Never Send a Contractor to do a Soldier’s Job

September 27, 2006

Nearly one year ago today, the Washington Post had this to say about the state of the Iraqi armed forces “rebuilt” by the current regime under the direction of Donald Rumsfeld:

The number of Iraqi army battalions that can fight insurgents without U.S. and coalition help has dropped from three to one, top U.S. generals told Congress yesterday, adding that the security situation in Iraq is too uncertain to predict large-scale American troop withdrawals anytime soon.

With that kind of negative press a year ago, why hasn’t the situation improved? Why has it gotten worse instead of better? Because of the fact that Donald Rumsfeld, with the blessing of the republican Congressional majority, is using Iraq as a cash cow for the only real constituency they care about – private military contractors.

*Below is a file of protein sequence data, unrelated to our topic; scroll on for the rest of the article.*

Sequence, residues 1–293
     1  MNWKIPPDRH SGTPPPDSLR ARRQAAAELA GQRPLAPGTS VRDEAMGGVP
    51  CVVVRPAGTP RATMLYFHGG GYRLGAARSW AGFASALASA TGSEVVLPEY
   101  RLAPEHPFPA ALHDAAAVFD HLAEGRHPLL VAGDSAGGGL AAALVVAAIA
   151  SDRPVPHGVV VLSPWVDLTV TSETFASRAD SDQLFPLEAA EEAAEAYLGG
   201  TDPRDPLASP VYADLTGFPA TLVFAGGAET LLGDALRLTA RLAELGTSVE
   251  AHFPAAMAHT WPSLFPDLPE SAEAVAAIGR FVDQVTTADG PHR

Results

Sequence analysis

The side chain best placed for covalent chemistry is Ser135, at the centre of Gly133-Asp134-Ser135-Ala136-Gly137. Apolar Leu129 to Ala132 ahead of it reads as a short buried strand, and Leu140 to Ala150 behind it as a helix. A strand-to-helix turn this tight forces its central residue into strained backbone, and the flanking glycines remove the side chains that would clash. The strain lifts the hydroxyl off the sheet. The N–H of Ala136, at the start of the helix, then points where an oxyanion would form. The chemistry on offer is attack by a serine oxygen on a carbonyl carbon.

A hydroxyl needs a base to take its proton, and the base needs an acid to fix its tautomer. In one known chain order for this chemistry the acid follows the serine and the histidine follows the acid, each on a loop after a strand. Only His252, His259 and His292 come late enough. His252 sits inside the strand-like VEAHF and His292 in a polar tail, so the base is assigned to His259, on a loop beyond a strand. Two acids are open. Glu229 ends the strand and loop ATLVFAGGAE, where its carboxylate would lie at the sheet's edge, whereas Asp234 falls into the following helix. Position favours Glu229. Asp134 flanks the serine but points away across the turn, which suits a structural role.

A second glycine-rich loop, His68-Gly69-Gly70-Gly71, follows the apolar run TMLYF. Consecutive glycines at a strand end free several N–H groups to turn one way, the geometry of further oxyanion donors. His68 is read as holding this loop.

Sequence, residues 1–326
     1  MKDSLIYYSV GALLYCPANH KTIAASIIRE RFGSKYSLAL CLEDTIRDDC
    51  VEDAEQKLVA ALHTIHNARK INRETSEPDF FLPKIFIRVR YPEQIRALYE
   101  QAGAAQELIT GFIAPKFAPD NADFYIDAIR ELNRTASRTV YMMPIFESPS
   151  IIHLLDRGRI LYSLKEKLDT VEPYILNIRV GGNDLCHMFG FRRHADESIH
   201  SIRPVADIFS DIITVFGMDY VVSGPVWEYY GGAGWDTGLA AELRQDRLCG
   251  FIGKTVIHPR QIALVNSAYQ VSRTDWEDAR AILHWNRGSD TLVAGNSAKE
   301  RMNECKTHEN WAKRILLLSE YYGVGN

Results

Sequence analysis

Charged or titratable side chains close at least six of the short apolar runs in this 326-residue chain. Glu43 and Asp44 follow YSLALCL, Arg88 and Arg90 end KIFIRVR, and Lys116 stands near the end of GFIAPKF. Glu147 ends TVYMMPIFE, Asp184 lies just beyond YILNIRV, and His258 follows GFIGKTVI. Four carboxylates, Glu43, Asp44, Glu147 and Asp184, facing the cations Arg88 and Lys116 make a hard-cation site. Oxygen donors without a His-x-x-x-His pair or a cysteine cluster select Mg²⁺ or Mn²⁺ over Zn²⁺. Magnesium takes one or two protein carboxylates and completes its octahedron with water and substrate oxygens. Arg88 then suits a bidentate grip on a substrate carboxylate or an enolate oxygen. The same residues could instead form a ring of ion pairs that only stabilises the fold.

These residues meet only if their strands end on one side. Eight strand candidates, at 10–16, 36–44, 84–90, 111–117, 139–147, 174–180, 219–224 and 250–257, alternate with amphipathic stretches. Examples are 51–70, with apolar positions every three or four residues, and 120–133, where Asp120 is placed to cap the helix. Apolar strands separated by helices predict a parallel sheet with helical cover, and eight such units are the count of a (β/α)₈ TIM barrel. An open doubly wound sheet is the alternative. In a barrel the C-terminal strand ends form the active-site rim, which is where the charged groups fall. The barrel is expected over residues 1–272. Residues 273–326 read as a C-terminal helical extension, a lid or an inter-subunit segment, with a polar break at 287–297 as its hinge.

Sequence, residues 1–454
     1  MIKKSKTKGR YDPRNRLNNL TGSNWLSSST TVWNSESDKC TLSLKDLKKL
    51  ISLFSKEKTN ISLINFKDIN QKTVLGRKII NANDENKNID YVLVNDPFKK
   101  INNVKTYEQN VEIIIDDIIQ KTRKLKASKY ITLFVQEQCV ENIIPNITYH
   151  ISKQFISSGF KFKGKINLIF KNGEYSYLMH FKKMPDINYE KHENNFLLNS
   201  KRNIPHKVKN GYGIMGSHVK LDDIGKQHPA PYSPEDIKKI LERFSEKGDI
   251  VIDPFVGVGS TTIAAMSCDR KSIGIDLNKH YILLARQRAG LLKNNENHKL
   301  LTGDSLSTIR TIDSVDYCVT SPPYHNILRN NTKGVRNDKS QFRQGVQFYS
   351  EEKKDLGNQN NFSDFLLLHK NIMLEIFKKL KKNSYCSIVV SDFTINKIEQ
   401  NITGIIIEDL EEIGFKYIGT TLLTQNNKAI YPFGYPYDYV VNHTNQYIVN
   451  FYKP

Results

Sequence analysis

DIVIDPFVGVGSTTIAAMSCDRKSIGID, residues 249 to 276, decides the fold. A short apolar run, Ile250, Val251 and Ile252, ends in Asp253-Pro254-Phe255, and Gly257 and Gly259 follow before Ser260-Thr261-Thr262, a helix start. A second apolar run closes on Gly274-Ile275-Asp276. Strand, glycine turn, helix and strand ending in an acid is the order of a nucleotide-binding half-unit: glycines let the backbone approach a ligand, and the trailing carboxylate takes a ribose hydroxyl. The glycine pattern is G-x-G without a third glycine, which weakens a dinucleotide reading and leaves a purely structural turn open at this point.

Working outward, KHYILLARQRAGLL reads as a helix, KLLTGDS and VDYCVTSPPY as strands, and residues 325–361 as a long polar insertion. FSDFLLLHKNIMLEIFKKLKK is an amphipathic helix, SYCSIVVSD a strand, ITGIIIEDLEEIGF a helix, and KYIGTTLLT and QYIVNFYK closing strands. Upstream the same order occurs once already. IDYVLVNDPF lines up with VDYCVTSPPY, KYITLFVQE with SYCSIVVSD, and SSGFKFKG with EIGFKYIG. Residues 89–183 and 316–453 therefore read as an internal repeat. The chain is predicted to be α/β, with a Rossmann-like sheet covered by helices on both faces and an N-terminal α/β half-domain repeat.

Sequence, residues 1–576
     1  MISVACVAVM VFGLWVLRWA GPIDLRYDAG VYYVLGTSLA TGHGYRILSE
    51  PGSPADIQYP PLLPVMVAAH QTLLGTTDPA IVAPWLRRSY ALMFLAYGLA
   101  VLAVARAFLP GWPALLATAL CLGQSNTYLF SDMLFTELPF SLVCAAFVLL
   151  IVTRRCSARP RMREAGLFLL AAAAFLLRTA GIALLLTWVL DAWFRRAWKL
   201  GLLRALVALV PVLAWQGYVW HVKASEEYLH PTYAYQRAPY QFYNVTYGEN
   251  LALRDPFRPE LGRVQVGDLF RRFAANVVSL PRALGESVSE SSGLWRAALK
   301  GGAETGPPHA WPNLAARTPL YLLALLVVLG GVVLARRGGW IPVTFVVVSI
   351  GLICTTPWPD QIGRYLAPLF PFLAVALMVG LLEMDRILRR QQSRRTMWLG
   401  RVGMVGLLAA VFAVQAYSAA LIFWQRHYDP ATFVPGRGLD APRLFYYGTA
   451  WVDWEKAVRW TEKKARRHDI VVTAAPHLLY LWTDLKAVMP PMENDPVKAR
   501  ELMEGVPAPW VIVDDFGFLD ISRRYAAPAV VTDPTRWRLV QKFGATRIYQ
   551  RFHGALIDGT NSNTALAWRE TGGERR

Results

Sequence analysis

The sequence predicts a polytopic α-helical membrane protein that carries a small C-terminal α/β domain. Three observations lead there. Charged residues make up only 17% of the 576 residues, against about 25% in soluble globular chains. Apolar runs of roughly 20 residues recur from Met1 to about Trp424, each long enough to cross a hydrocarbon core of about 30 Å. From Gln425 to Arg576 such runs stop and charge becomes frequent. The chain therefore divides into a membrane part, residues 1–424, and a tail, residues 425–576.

Oh, how the worm has turned! Originally hailed for “training Iraqi soldiers, providing security, and – oh! – so much more,” they’re now another line-item embarassment in multi-billion dollar stop-gap funding bills that the “liberal media” is giving the shrub yet another free pass on.

Why is this an op-ed piece in last month’s Boston Globe instead of front-page news?

While Army privates died overseas earning $25,000 a year, David Brooks, the disgraced former CEO of body-armor maker DHB, made $192 million in stock sales in 2004. He staged a reported $10 million bat mitzvah for his daughter. The 2005 pay package for Halliburton CEO David Lesar, head of the firm that most symbolizes the occupation’s waste, overcharges, and ghost charges on no-bid contracts, was $26 million, according to the report’s analysis of federal Securities and Exchange Commission filings.

Who’d have thunk it, what with the pro-military party of fiscal responsiblity in power? You know, the ones who haven’t held a single oversight committee meeting since this farce in the Gulf began.


Republican Congress Feasts at Taxpayer Trough, Keeps Scraps for Themselves

June 22, 2006

For the ninth time in as many years, the GOP-dominated Congress kept Democratic-sponsored legislation intended to raise the minimum wage from coming onto the floor for fear it might pass.